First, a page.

React Hooks are special functions that allow you to "hook into" React features. For example, the
useState hook allows you to add React state to a functional component.
useEffect is another hook that allows you to perform side effects in function components. Side effects are usually implemented using lifecycle methods. With hooks, this is no longer necessary.
This means you no longer need to define a class when constructing a React component. It turns out that the class architecture used in React is the cause of a lot of challenges that React developers face every day. We often find ourselves writing large complex components that are difficult to break up. Related code is spread over several lifecycle methods, which becomes tricky to read, maintain and test. In addition, we have to deal with the
this keyword when accessing state, props and functions. We also have to bind functions to
this to ensure they are accessible within the component. Then we have the excessive prop drilling problem — also known as wrapper hell — when dealing with higher order components.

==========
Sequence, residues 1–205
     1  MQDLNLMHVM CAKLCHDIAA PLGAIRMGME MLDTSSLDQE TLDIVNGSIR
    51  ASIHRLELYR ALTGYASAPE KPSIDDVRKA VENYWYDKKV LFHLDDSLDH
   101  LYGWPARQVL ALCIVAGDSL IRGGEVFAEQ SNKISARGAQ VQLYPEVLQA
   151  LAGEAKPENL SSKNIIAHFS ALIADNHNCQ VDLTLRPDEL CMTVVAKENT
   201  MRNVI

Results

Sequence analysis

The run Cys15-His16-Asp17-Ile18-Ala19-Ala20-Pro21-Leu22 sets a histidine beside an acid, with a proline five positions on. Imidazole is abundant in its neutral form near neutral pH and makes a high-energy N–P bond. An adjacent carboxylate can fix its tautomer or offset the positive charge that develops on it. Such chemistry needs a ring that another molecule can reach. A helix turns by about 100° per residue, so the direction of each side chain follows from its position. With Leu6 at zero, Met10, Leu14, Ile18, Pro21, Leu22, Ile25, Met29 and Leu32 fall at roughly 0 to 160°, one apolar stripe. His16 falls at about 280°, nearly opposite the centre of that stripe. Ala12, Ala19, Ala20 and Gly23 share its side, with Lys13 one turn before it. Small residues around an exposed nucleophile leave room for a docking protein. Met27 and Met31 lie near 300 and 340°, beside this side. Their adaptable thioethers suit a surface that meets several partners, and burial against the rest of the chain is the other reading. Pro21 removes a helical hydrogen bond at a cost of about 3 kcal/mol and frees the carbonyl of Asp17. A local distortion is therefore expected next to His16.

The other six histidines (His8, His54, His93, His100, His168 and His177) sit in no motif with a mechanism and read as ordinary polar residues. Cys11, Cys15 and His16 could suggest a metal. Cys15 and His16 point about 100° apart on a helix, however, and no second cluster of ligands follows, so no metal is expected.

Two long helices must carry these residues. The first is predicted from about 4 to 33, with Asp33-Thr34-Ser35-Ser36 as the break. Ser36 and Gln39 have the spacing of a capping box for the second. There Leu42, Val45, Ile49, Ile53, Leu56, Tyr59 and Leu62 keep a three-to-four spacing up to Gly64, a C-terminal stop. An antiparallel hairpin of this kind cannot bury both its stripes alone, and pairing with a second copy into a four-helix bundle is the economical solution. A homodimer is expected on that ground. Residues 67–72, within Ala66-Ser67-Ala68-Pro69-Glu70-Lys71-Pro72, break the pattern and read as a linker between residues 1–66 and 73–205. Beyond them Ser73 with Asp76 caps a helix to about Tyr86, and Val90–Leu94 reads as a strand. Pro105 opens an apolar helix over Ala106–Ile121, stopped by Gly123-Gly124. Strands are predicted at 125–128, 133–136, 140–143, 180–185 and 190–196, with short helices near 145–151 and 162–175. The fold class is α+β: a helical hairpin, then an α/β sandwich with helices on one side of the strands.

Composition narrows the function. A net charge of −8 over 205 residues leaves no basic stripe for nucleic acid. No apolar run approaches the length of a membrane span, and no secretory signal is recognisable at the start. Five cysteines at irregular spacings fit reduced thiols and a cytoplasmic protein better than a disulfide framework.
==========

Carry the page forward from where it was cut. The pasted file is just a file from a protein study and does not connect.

In a nutshell, hooks is a revolutionary feature that will effectively simplify your code, making it easy to read, maintain, test in isolation and re-use in your projects. It will only take you an hour to learn. Soon, you will start thinking very differently about the way you write React code.
React Hooks was first announced at a React conference that was held in October 2018. It was officially made available in React 16.8 last month. This feature is still under development — there are still a number of React class features being migrated into hooks. The good news is that you can start using them now. You can still use React class components if you want to — however, I doubt you will after you finish this introductory guide.
If I've grabbed your curiosity, let's dive in and see some practical examples.
This article is for intermediate to advanced React developers. If you are a beginner, please go through the following tutorials first:
I won't cover how to create a new React project or other beginner-level skills. You should be able to follow this guide easily. You can access the completed project on GitHub.